Not all browsers are created equal
How do you decide which browser to use? Do you use Internet Explorer because it’s what you’ve always used? How about Firefox? Do you use it because it’s potentially the most common and your contacts have recommended it? Or, do you use Chrome because it’s new and fresh? There are other browsers, but these are some of the main ones. The truth is that all browsers are not created equal. Which browser you choose ultimately depends on what you want out of it.
Let’s take a quick look at Chrome, namely its speed. According to the Google Chrome Blog, one of Chrome’s core principles is speed. As such, Google tests and improves Chrome’s speed regularly. And regularly for Google means every six weeks. They liken it to a car mechanic who comes to replace your engine every six weeks. However, it seems as though Chrome is simply enhanced every six weeks, not completely replaced.
How Chrome is increasing its speed
One way that Chrome continues to increase speed is to diminish and severely lessen wait times, including waiting for the browser to start up and waiting for a dialog box to completely open and load. Chrome has also enabled tests to automatically detect when there is a code issue that slows or may slow it down, both in the long term and in the short term.
When it comes to browsers, you definitely have options. But, if you want speed and precision, it looks like Chrome might be a great option. They’ve already made great progress and improvements, but the best part is that they promise to continue making progress. Just because they are fast today doesn’t mean they aren’t striving to be even faster tomorrow, making Chrome a great browser for both your professional and personal lives.
Facebook Messenger for Firefox launched, browsing gets social
Facebook Messenger for Firefox is now live, and users can interact with Facebook while visiting any website or page that can be browsed in Firefox, saving steps and truly integrating social into browsing.
Facebook Messenger for Firefox users
As a means of integrating social into Firefox users’ experience, Facebook Messenger has launched as part of the browser, built on a new Social API for the web, and because roughly 20 percent of all time spent online is on social networks, Firefox has sought to organically make that a part of their browser. Users need to update to the latest Firefox, then click “Turn On” on the Facebook Messenger for Firefox Page, and Facebook chat and updates pop up right in the sidebar of Firefox.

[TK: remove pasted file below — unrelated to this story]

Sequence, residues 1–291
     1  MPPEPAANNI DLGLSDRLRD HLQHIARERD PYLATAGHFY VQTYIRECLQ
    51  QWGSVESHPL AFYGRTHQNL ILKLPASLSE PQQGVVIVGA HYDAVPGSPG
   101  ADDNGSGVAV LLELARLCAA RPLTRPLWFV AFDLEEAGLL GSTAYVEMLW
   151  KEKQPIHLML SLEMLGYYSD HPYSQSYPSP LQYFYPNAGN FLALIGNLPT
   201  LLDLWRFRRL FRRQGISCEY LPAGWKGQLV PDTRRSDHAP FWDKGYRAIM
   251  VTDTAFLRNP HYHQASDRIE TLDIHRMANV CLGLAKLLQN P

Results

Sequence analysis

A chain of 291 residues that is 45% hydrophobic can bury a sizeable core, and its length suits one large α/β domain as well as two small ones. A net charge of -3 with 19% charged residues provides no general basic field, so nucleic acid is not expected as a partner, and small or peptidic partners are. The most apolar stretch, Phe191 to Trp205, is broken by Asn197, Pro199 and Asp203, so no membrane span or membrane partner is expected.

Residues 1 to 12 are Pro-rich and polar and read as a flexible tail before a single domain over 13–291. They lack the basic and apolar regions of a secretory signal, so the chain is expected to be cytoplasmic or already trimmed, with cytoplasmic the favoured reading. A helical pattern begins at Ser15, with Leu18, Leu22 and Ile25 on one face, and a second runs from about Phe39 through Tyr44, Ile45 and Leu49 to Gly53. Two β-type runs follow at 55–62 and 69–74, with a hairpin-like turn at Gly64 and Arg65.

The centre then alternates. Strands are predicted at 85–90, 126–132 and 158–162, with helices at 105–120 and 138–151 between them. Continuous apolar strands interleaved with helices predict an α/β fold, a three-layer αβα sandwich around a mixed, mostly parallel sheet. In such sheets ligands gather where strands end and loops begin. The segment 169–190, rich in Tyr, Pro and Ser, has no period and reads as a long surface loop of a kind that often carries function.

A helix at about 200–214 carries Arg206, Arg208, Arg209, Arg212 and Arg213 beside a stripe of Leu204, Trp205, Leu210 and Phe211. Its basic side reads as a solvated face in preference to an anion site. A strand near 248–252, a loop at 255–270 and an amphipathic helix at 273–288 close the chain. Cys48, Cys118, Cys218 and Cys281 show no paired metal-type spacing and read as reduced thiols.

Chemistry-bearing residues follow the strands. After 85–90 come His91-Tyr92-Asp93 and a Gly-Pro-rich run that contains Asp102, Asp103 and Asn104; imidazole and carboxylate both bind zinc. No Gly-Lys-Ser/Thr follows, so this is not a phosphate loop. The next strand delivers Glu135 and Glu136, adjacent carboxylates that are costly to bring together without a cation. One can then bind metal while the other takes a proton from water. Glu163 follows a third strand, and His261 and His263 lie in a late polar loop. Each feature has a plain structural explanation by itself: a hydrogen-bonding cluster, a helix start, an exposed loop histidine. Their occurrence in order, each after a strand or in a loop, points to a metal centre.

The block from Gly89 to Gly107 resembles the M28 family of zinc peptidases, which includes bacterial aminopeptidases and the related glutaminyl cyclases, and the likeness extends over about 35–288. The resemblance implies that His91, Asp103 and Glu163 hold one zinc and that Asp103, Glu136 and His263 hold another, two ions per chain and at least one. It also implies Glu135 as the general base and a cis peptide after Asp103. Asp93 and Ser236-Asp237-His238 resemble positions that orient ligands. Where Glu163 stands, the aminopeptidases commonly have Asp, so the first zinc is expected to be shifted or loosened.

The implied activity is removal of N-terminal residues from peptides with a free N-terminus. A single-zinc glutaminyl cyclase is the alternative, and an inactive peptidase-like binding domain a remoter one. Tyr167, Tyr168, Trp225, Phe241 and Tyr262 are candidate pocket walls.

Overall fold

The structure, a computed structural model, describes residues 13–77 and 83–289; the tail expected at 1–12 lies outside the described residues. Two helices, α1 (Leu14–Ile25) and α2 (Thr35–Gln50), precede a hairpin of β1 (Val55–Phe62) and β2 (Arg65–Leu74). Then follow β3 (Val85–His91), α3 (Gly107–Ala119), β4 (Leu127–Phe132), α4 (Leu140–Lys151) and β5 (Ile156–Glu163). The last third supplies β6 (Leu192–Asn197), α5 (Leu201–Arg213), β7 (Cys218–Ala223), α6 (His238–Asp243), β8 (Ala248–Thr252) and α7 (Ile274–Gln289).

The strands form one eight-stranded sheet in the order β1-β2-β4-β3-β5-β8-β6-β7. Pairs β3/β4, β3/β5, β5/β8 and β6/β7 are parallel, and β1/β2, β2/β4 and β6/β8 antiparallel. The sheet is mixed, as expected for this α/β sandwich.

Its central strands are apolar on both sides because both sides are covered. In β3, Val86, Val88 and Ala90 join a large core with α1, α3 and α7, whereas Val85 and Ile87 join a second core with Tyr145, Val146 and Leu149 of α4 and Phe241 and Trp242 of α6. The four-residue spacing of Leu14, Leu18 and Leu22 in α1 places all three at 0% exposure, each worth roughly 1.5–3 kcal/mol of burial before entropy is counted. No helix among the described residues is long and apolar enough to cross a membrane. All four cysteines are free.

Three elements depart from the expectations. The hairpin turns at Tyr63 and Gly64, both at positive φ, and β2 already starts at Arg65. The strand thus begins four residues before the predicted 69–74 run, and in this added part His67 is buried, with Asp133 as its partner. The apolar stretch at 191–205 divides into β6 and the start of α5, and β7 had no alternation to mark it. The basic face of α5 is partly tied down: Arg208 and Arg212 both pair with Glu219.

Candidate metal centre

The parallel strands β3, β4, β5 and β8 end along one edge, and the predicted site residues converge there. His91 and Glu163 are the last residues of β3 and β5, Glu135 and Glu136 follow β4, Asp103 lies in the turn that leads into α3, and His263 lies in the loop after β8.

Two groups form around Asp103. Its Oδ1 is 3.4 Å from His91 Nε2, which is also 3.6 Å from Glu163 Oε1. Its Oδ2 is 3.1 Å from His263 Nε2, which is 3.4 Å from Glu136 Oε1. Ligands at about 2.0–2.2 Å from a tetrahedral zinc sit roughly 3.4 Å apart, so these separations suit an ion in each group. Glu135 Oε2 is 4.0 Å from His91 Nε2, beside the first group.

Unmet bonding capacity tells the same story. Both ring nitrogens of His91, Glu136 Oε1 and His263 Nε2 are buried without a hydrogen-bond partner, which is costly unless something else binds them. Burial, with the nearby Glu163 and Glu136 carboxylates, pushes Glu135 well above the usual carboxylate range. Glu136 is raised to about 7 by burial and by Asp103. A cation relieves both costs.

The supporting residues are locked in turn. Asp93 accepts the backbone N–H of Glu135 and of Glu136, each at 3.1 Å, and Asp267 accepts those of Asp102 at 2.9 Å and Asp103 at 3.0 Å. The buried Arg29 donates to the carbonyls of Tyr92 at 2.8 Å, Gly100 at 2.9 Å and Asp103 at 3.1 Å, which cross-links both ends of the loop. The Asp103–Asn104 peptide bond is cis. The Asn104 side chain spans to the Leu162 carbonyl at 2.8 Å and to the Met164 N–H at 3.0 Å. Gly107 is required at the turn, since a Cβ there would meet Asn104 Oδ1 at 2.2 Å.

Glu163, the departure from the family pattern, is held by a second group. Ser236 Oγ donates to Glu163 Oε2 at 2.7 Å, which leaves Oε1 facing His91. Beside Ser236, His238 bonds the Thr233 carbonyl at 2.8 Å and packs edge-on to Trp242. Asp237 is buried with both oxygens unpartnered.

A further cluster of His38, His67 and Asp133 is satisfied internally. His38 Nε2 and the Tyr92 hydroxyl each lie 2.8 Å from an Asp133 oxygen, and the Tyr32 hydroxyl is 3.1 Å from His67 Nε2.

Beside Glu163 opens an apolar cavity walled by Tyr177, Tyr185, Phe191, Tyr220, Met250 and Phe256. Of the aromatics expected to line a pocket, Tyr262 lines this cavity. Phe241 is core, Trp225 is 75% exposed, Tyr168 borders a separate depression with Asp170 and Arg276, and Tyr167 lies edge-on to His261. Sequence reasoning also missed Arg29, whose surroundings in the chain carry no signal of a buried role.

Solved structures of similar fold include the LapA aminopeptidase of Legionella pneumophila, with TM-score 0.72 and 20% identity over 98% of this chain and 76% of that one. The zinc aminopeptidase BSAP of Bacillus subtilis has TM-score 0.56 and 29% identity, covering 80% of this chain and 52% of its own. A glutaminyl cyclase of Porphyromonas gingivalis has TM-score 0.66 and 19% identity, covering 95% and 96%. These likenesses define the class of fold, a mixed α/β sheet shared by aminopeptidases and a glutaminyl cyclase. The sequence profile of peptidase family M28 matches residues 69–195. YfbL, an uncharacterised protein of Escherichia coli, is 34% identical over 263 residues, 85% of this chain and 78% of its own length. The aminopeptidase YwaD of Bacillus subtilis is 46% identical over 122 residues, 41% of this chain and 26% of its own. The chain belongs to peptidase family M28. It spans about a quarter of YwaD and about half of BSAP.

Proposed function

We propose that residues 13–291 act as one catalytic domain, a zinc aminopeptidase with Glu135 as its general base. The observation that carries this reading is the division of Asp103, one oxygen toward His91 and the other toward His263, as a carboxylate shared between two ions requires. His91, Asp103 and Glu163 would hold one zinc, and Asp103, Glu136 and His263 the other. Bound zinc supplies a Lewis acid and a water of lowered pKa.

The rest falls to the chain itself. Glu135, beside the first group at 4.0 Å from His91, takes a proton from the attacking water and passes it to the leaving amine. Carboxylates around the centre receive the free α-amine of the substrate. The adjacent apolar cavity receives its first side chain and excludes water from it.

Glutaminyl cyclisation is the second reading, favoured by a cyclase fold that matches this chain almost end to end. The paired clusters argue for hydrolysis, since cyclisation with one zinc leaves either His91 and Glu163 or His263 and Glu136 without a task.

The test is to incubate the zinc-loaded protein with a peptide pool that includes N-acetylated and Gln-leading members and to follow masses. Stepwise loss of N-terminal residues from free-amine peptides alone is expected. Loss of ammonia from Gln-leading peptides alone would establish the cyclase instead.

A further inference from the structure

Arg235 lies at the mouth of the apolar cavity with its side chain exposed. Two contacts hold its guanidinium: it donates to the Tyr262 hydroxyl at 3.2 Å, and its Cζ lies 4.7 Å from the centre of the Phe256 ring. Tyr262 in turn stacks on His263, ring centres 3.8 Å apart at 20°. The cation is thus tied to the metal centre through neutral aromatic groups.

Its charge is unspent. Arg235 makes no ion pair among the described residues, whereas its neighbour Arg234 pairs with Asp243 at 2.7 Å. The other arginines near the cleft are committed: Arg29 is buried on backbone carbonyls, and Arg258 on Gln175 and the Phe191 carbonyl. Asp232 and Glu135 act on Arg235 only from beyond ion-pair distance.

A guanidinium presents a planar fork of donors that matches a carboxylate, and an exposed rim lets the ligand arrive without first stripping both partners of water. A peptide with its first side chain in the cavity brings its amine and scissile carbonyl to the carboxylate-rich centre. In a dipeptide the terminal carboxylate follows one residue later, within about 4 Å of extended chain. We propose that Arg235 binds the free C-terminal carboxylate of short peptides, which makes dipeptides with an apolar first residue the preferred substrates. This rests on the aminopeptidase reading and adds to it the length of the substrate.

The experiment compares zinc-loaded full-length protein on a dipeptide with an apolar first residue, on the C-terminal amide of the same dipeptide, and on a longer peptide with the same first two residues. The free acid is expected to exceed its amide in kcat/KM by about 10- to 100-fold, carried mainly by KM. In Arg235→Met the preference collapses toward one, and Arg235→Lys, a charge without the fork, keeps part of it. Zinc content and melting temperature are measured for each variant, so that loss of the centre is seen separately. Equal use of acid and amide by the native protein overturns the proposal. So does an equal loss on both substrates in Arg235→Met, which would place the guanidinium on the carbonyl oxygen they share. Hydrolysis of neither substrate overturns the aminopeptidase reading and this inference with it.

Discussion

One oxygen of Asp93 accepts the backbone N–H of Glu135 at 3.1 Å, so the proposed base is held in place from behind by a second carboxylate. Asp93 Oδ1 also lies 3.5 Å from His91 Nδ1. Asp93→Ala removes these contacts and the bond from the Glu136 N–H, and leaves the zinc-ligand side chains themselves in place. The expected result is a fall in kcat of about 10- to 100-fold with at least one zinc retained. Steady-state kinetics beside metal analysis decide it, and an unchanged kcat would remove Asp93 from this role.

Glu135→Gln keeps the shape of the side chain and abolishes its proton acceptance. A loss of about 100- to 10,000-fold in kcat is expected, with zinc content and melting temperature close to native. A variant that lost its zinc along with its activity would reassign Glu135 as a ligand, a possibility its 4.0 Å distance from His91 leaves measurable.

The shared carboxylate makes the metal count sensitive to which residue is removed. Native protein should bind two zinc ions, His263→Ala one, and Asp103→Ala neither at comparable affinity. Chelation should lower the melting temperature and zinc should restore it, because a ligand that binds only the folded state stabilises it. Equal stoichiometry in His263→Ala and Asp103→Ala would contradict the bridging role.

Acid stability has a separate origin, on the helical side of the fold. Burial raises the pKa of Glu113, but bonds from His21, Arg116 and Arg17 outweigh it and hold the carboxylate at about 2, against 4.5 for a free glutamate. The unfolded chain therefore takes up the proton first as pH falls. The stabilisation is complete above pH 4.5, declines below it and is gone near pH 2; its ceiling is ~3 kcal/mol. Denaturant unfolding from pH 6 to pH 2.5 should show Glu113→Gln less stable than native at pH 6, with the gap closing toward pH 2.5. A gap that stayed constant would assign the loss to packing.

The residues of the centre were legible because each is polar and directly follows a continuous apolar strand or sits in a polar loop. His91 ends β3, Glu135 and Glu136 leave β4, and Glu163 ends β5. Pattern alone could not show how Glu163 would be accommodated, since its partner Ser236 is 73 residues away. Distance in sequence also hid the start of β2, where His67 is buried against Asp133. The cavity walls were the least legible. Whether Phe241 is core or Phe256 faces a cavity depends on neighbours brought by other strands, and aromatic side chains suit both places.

Here’s how it works:
[pl_video type=”youtube” id=”pSGoS8VkOFE”]
Marrying social with browsing
As shown in the video above, when the feature is enabled, you’ll get a social sidebar which includes Facebook updates and chat, and you can like new comments, tag photos, and get notifications for messages, friend requests and more, turning Firefox into a little Facebooking machine.
The company says the integration is the beginning of making the browser more social, adding that more support for other features and multiple providers is on the way.
“Mozilla is a non-profit organization with a mission to promote openness, innovation and opportunity on the Web,” the company said in a statement, “and we can’t wait to see what cool Web experiences developers will build on our Social API. We want to build a social standard for the Web to give developers more opportunities and users more choice, much like we did with our work on OpenSearch. Imagine using the Firefox sidebar, toolbar buttons and even an AwesomeBar button for news, music, finances, email, group projects and more.”
When users do not wish to be available, Facebook Messenger can be disabled altogether, or simply “hide” the sidebar which will put it away and stop notifications so you can focus.
Privacyfix: browser extension shows who’s tracking you, what to do about it